In her 1991 book, Anything We Love Can Be Saved: A Writer’s Activism, the author Alice Walker offered a simple explanation for why she continued to believe in the human capacity for change even as untold harm is wrought all around her:
Whenever I experience evil, and it is not, unfortunately uncommon to experience it in these times, my deepest feeling is disappointment. I have learned to accept the fact that we risk disappointment, disillusionment, even despair, every time we act … Every time we decide to trust others to be as noble as we think they are. And that there might be years during which our grief is equal to, or even greater than, our hope. The alternative, however, not to act, and therefore to miss experiencing other people at their best, reaching out toward their fullness, has never appealed to me.
Walker’s nearly 30-year-old text, like much of her work, is a balm. It doesn’t present a blindly idealistic vision of what humanity can achieve, and how we can relate to one another, so much as it suggests that the process of becoming better—whatever that might mean—is one that requires diligent work. And that labor itself is valuable even, and perhaps especially, when it feels most futile.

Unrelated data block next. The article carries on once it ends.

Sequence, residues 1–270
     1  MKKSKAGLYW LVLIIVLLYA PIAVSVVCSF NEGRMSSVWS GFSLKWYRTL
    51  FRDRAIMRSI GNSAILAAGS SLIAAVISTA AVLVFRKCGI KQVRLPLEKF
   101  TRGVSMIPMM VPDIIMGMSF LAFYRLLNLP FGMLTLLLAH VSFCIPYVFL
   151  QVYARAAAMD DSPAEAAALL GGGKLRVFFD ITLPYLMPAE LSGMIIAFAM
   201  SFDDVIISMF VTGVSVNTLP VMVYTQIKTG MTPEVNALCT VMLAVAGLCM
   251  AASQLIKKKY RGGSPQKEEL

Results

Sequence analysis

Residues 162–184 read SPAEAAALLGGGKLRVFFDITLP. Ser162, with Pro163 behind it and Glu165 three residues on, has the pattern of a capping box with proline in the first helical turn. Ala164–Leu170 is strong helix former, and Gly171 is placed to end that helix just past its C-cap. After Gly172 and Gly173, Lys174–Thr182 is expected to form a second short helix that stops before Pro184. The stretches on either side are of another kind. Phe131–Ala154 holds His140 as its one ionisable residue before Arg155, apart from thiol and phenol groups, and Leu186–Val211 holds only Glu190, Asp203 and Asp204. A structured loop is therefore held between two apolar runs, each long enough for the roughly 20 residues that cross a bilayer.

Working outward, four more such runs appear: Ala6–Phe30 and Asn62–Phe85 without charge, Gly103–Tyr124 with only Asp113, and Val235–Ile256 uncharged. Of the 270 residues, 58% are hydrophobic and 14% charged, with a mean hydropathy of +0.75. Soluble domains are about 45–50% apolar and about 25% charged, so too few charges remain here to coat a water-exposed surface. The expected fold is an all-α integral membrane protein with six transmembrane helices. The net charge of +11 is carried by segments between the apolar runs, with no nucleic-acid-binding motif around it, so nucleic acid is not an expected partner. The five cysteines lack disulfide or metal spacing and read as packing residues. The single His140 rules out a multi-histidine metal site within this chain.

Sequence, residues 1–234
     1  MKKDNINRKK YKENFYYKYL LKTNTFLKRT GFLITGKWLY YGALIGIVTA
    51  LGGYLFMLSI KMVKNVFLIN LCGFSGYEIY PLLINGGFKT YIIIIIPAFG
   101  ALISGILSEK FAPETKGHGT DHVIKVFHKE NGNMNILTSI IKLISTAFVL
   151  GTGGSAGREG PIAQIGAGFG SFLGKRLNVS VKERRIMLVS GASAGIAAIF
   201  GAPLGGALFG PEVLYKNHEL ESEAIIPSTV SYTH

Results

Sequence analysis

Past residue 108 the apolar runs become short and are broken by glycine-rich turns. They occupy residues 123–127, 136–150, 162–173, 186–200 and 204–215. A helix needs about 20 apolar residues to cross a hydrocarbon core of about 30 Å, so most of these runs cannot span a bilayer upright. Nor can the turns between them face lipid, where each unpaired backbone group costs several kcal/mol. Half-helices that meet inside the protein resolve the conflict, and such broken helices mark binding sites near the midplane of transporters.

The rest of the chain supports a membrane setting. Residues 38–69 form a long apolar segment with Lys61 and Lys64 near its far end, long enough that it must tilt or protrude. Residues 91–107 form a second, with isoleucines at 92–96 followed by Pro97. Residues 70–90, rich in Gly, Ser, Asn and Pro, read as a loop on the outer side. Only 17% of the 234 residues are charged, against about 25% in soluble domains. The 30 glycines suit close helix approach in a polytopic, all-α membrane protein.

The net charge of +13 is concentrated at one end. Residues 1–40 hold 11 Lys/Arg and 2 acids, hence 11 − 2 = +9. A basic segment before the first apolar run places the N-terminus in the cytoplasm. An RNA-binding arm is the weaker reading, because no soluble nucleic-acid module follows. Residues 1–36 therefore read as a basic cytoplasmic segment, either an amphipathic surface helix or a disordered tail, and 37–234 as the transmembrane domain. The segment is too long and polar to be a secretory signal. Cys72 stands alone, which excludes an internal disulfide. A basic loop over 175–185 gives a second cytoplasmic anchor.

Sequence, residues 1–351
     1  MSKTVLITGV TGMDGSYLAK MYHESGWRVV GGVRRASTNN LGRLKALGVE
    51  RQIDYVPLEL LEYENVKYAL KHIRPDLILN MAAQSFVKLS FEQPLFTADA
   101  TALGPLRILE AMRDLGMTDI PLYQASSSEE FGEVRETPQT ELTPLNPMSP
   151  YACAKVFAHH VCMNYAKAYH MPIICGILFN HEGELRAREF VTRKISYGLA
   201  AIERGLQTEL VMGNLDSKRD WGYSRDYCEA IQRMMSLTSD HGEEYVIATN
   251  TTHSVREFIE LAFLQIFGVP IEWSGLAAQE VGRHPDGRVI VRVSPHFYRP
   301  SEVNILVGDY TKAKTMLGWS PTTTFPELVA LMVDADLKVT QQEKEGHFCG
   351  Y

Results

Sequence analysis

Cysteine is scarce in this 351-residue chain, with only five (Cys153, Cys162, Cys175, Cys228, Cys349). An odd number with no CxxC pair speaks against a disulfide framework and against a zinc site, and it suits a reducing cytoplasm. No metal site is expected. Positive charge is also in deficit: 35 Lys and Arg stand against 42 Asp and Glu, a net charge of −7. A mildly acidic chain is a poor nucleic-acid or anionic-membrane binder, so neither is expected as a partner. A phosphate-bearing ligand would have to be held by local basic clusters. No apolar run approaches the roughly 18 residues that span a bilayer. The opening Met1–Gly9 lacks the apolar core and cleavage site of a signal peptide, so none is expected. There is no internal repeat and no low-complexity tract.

This principle undergirds the entire premise of NBC’s The Good Place, which returned for its third season Thursday night. The Michael Schur sitcom, which fuses workplace comedy with high-brow philosophical lessons and giggle-worthy visual gags, follows four deceased humans as they navigate what they first think is The Good Place, an otherworldly realm meant as a stand-in for heaven. Eleanor Shellstrop (Kristen Bell), Chidi Anagonye (William Jackson Harper), Tahani Al-Jamil (Jameela Jamil), and Jason Mendoza (Manny Jacinto) are an eclectic group of screwups who all enter the afterlife somehow both loathsome and endearing in their own unique ways. As Michael, their all-knowing guide to the good place, Ted Danson offers an impossibly charming foil. His afterlife assistant, the nonhuman and nonrobot Janet (D’Arcy Carden), can give the dead crew any answer they need—except the shortcut to becoming good people.